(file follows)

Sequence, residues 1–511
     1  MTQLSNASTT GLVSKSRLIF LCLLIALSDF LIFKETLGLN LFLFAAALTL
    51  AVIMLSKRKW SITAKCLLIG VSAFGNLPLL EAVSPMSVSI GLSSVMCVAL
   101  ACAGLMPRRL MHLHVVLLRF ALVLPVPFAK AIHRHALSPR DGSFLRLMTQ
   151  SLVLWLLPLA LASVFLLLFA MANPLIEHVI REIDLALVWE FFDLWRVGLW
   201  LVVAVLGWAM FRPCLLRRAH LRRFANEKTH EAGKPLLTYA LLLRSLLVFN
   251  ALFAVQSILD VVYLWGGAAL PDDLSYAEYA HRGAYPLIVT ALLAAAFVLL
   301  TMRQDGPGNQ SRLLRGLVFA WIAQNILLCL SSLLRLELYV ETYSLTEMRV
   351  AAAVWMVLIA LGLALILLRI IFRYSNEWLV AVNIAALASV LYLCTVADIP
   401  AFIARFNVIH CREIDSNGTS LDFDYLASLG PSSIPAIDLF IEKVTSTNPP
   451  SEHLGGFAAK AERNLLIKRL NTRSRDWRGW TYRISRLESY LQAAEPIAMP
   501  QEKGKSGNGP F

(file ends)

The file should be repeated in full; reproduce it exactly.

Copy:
Sequence, residues 1–511
     1  MTQLSNASTT GLVSKSRLIF LCLLIALSDF LIFKETLGLN LFLFAAALTL
    51  AVIMLSKRKW SITAKCLLIG VSAFGNLPLL EAVSPMSVSI GLSSVMCVAL
   101  ACAGLMPRRL MHLHVVLLRF ALVLPVPFAK AIHRHALSPR DGSFLRLMTQ
   151  SLVLWLLPLA LASVFLLLFA MANPLIEHVI REIDLALVWE FFDLWRVGLW
   201  LVVAVLGWAM FRPCLLRRAH LRRFANEKTH EAGKPLLTYA LLLRSLLVFN
   251  ALFAVQSILD VVYLWGGAAL PDDLSYAEYA HRGAYPLIVT ALLAAAFVLL
   301  TMRQDGPGNQ SRLLRGLVFA WIAQNILLCL SSLLRLELYV ETYSLTEMRV
   351  AAAVWMVLIA LGLALILLRI IFRYSNEWLV AVNIAALASV LYLCTVADIP
   401  AFIARFNVIH CREIDSNGTS LDFDYLASLG PSSIPAIDLF IEKVTSTNPP
   451  SEHLGGFAAK AERNLLIKRL NTRSRDWRGW TYRISRLESY LQAAEPIAMP
   501  QEKGKSGNGP F